Mysterious Moe

Charlie Graham’s friend and fellow catcher wasn’t just clever behind the plate. He was an undercover agent for the OSS.

Charlie Graham’s friend and fellow catcher wasn’t just clever behind the plate. He was an undercover agent for the OSS.

The baseball career of Charlie Graham 1898 spanned four decades as a player, manager, and owner in the Pacific Coast League, most notably as longtime owner of the beloved San Francisco Seals. Over that time his path crossed with many of the game’s most famous, and most singular, personalities—including Moe Berg, the longtime big league catcher, graduate of Princeton University and Columbia Law School, and who may have not only spied on Japan and Germany, but also been sent on an assassination mission during World War II.

One anecdote that didn’t make it into the article on Charlie Graham in the print edition of the Spring/Summer 2015 Santa Clara Magazine is this: It is August 1945, and Fran Smith, S.J., ’56 and his brother Mike Smith ’54 are listening to the radio at home. A news bulletin interrupts the airwaves, announcing that the United States has dropped an atomic bomb on Japan.

The Smiths’ grandfather, Charlie, bursts into the room and asks them to turn up the volume. As he listens, Charlie sits down and shakes his head: “Moe was right,” he says.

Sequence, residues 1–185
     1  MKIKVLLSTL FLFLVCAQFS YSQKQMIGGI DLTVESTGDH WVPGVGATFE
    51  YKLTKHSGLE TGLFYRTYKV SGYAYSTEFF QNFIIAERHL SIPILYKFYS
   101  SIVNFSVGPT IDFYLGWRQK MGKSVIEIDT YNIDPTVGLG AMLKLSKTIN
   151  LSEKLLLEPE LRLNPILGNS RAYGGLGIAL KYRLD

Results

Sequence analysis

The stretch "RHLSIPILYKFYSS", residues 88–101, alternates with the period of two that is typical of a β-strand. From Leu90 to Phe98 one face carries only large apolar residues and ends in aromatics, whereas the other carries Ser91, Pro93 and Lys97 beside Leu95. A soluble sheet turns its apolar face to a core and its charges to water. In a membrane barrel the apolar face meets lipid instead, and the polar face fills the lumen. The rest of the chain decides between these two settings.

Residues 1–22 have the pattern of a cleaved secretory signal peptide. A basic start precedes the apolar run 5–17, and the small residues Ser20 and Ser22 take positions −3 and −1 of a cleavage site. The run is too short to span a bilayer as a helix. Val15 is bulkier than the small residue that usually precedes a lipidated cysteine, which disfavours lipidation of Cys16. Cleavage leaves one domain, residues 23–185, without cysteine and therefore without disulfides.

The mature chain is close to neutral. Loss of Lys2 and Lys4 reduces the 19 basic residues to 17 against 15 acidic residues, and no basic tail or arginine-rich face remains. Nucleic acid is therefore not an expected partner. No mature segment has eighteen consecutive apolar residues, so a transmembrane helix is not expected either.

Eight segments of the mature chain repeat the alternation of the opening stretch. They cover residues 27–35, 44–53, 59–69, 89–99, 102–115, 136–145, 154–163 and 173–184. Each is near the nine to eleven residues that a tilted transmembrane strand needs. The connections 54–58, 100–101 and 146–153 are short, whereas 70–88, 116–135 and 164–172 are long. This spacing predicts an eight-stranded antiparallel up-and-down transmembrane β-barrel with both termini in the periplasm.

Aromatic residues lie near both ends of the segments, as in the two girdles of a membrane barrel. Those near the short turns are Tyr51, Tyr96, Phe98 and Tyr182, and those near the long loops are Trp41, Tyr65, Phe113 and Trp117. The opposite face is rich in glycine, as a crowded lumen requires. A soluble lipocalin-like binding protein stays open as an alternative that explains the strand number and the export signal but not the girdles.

Charlie tells his grandsons that just the day before, Moe Berg had been at Seals Stadium and, while discussing current events with Graham—his friend and fellow former catcher—Berg made a cryptic remark that the war would be over very soon. Unknown to Graham was that Berg had been serving as a spy throughout World War II for the Office of Strategic Services (later called the CIA).

The story of Moe Berg’s career, from ball and bat to cloak and dagger, was recently told by filmmakers Christina Burchard and Daniel Newman in their short film Spyball—part of ESPN’s acclaimed 30 for 30 documentary series.

Santa Clara Magazine caught up with the filmmakers to find out more about another clever catcher.


SCM: Charlie Graham and Moe Berg were two very smart guys who took to catching. What is it about this taxing and dangerous position that attracts intelligent people?

Daniel Newman: Catching is a multitasking position and a solitary one. Among a catcher’s duties is to call pitches, watch for baserunners, align the infield and outfield, take orders from the dugout, sweet talk the ump, and dodge flying bats all the while. It is no wonder that catcher’s gear is often referred to as “the tools of ignorance.”

Christina Burchard: The pitcher and the catcher are the two most cerebral positions on the field. If a player is not a natural born pitcher, then I imagine the logical choice for a player who is also highly intelligent would be catching. Catching puts them in a position to analyze, strategize, and be a part of calling the game. It engages both their intellect and their skill as a player. And like Daniel mentioned, it’s ironic that these highly intelligent men would put on their “tools of ignorance” and brave bats and 100 mph balls zooming towards their head. But that’s the fun part, right? The adrenaline, the danger, being right up in the middle of the game. Makes sense that Moe Berg wouldn’t be deterred by the potential dangers in espionage.